Oceana Pastor Reacts After Local Family OF 5 Kidnapped in Haiti

Todd Deuling is Pastor at Shelby Wesleyan Church in Oceana County.

But at one point in his life, he traveled to Haiti on mission trips to work for the Wesleyan hospital on Gonave Island. The hospital serves 100-120,000 people.

“I used to lead work teams that would come in from the U.S. and Canada, and in one year, even through their clinic, they will see a quarter to a third of those people on the island,” says Deuling. He says it as a example of living conditions in the country.

Fifteen minutes before meeting with 9&10 News, Deuling learned from his wife that a family of five from Oceana had been victims in a kidnapping in Haiti on Saturday. The family, one adult and four children, were taken along with 11 other Americans and one Canadian. The gang – 400 Mawozo – is being blamed for the crime and many more like it.

“I would say that they’re more apt to target foreign groups just because they know that the majority of Haitian people, they’re not going to get a lot of money from them like with foreign groups. They can get thousands of dollars,” says Deuling. ” I had seen one report where these gang members demand upwards of a million dollars. So they’re not going to get that from your average Haitian. I honestly think that’s all it is. They need money. There was opportunity.”

In the past few months, Haiti has experienced earthquakes and the assassination of President Jovenel Moïse. Now, the country is again seeing an increase in kidnappings.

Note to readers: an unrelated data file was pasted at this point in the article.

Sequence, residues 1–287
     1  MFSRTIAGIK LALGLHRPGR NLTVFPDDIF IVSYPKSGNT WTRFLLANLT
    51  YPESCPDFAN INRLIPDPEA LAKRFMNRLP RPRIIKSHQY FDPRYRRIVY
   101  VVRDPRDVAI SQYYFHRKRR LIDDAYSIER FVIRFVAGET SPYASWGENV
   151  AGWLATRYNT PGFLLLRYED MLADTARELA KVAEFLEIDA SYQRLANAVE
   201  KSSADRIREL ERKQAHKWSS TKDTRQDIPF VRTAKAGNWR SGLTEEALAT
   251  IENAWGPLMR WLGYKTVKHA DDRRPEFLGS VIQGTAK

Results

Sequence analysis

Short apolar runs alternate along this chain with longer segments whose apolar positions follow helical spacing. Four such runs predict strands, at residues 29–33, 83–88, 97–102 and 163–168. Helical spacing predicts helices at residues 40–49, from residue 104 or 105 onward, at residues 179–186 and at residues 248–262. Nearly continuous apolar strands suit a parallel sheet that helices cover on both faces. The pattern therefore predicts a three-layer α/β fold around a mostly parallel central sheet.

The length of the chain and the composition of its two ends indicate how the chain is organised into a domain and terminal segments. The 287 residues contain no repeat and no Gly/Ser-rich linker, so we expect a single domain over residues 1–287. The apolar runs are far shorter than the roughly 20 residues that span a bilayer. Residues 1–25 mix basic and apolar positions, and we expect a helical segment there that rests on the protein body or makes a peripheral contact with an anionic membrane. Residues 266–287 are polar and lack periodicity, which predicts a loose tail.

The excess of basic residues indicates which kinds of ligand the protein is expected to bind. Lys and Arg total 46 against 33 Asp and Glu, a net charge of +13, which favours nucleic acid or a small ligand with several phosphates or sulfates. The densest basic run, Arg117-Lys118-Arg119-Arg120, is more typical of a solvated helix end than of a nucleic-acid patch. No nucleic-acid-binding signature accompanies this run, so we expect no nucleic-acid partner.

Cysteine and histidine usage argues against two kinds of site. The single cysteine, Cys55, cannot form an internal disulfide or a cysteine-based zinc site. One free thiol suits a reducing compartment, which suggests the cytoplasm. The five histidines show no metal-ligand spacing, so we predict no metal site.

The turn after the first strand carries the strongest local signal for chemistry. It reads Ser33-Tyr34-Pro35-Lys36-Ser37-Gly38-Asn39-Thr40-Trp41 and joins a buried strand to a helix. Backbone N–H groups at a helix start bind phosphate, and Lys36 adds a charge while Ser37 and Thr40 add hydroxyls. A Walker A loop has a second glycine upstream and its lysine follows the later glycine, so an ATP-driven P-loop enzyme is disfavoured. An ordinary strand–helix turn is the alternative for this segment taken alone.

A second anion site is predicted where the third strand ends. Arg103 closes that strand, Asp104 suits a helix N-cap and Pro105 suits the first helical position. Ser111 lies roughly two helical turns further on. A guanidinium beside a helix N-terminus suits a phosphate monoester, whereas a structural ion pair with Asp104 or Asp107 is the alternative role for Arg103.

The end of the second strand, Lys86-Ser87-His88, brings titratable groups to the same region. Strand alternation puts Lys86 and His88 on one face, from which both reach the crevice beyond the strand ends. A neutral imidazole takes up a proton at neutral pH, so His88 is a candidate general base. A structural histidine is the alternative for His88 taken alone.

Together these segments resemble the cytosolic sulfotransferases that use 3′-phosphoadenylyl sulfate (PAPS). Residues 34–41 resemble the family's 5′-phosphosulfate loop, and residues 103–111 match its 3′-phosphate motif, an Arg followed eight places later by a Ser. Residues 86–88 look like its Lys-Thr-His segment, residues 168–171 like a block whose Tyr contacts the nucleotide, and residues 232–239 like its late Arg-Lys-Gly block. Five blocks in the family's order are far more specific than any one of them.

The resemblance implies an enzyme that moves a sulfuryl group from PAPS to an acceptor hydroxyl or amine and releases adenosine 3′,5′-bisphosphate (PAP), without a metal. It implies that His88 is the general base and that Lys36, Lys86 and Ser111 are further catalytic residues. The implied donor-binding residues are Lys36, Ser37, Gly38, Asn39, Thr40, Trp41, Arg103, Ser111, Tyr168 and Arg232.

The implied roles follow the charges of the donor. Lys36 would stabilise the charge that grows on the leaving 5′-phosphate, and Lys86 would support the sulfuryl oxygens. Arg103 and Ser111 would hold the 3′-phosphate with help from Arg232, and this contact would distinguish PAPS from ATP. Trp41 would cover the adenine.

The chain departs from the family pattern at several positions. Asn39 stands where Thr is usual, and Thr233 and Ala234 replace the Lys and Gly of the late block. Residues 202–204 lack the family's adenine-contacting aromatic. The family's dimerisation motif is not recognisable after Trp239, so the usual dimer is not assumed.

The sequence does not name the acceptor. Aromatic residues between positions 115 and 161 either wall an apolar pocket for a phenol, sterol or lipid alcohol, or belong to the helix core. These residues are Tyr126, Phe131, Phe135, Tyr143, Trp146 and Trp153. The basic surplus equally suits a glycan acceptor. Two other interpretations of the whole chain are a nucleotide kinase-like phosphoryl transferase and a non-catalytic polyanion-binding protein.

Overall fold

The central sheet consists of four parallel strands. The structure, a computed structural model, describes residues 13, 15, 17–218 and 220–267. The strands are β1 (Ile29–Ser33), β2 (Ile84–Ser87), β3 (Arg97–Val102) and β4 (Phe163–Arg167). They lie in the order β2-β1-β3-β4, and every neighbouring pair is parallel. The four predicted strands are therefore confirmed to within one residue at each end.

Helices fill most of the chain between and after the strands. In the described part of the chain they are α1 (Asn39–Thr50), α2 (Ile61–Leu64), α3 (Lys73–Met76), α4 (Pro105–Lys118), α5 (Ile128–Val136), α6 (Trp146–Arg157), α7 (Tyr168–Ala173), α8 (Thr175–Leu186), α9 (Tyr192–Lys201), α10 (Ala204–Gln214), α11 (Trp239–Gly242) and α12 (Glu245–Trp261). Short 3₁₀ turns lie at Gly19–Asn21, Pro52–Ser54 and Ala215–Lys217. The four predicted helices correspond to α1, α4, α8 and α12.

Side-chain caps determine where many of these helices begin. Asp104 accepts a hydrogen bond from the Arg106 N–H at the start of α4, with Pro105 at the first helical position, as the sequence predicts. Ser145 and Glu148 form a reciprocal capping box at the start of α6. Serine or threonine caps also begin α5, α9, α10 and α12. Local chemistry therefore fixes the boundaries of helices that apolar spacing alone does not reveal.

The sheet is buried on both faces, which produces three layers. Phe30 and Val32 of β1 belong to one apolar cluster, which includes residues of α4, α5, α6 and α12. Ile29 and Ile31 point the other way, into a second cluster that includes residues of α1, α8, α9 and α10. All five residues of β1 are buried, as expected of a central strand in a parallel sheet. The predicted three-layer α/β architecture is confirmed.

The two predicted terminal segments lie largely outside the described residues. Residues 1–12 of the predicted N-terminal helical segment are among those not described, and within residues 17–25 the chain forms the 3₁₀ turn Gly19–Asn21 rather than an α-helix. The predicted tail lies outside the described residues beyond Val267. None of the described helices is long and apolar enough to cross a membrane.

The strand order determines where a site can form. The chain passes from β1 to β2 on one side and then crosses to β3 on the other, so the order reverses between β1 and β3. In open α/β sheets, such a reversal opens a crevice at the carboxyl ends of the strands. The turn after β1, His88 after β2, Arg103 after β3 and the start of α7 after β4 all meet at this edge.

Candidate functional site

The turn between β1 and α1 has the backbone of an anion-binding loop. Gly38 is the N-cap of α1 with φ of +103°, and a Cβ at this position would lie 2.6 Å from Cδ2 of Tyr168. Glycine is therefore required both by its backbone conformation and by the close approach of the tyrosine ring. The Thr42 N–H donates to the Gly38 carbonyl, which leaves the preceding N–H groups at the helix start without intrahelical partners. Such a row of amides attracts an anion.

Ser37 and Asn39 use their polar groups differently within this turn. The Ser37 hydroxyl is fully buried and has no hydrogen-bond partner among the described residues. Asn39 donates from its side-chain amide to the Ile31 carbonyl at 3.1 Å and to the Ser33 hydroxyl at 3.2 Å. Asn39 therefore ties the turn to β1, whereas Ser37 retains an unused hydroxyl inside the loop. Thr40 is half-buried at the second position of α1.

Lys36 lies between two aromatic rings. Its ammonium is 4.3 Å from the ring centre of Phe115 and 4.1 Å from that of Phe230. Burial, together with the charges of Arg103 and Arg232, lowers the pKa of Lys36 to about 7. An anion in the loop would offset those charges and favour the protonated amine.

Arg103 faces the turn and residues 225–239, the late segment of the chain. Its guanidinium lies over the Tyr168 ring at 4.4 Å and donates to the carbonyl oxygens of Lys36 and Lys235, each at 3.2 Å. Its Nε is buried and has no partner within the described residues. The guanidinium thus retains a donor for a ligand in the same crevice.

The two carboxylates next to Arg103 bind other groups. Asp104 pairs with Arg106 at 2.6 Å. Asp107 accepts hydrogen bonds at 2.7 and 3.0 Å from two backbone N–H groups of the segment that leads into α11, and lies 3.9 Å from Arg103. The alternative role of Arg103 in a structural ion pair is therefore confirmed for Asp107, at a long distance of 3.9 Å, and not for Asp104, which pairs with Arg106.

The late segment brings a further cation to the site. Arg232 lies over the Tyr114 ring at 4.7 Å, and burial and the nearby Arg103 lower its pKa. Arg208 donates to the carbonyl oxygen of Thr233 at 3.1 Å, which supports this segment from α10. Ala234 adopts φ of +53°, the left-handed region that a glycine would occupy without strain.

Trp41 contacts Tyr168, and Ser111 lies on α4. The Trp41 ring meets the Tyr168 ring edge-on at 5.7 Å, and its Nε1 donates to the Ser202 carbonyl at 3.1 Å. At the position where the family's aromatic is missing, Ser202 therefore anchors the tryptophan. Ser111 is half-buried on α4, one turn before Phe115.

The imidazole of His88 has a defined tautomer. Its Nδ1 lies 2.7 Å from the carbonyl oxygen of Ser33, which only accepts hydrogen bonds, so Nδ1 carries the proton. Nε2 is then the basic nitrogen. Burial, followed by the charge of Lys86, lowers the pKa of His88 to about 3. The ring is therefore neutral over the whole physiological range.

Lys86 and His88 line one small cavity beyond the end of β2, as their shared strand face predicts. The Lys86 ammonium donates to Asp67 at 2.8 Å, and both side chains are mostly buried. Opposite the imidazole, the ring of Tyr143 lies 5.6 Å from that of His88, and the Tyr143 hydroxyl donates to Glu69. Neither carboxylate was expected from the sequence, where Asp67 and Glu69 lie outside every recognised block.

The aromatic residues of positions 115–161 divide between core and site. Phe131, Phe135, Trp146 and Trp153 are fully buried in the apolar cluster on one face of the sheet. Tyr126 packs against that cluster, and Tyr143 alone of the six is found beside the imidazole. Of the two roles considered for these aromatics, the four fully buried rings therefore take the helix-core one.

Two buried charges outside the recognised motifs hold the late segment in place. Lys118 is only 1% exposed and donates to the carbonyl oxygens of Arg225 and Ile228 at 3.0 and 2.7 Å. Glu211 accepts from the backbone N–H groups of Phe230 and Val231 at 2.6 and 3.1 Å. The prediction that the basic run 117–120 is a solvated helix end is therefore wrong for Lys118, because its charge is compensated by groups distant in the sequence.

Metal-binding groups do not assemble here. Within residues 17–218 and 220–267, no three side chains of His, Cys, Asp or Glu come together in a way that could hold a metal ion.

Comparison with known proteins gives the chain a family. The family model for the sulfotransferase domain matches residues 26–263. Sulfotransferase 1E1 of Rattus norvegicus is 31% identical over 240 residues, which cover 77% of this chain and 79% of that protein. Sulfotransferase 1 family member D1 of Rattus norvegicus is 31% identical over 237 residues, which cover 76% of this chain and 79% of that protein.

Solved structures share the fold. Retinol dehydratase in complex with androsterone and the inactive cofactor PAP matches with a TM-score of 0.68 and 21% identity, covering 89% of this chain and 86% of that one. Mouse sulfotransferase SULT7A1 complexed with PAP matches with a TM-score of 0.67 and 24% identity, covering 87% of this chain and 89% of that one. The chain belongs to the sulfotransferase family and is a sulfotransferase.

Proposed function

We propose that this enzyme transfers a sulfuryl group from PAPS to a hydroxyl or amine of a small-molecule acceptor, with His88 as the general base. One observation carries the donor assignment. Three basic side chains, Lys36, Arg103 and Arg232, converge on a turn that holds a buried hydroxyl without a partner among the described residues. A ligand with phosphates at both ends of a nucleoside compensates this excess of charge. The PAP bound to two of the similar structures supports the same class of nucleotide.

The 17 people who were kidnapped were taken outside an orphanage on their way home from working there, according to the Ohio-based Christian Aid Ministries in which they were associated with.

“To have it hit that close to home is extremely heartbreaking,” says Deuling.

His niece was also a victim of an attack while on a mission trip in Haiti.

“We had one incident that happened in early 2000, that a small, teaching team went down, and one of them happened to be our niece,” says Deuling. “Some people followed them home from the airport. And when they got to where they were staying, they broke into their house at night and robbed them. They let them all go. I don’t believe they hurt anyone, but they robbed them of whatever they had and took off.”

Deuling says he never worried about his own safety on the 19 separate occasions he worked in Haiti, from 2000-2014. He would go back tomorrow, where he enjoys meeting people and eating the food. But he understands areas like Port-au-Prince or Soleil are different then other parts of the island nation where kidnappings and rioting are increasing.

“One of the main streets in Port-au-Prince, a lot of the businesses have their metal panels, kind of like an accordion, that they will pull over their windows because it happens so frequently.”

Deuling says the protocol for other missionaries, after an incident such as this, is hazy.

“There are a lot of times when a missionary goes down there, even a short time or short term, they’re supposed to register with the US embassy,” he says. “I may have registered once, maybe twice, out of the 19 times that I’ve been down there, so most of the time they don’t even know anybody’s down there. ”

Authorities haven’t released any more details about Saturday’s kidnapping. Deuling says all that’s left to do is pray.

Congressman Bill Huizenga (MI-02), released the following statement regarding Haiti:

“It’s a sad day for West Michigan. It appears that individuals from West Michigan have been kidnapped while serving on a mission trip in Haiti. My office is working in cooperation and consultation with the State Department and the Biden Administration to secure the safe return of the missionaries and their family members. I hope you will join me in praying for those who have been taken as well as those working to secure their safe release. Out of respect for the privacy and the safety of all involved, I will be limiting public comment until this very fluid and dangerous situation is resolved. ”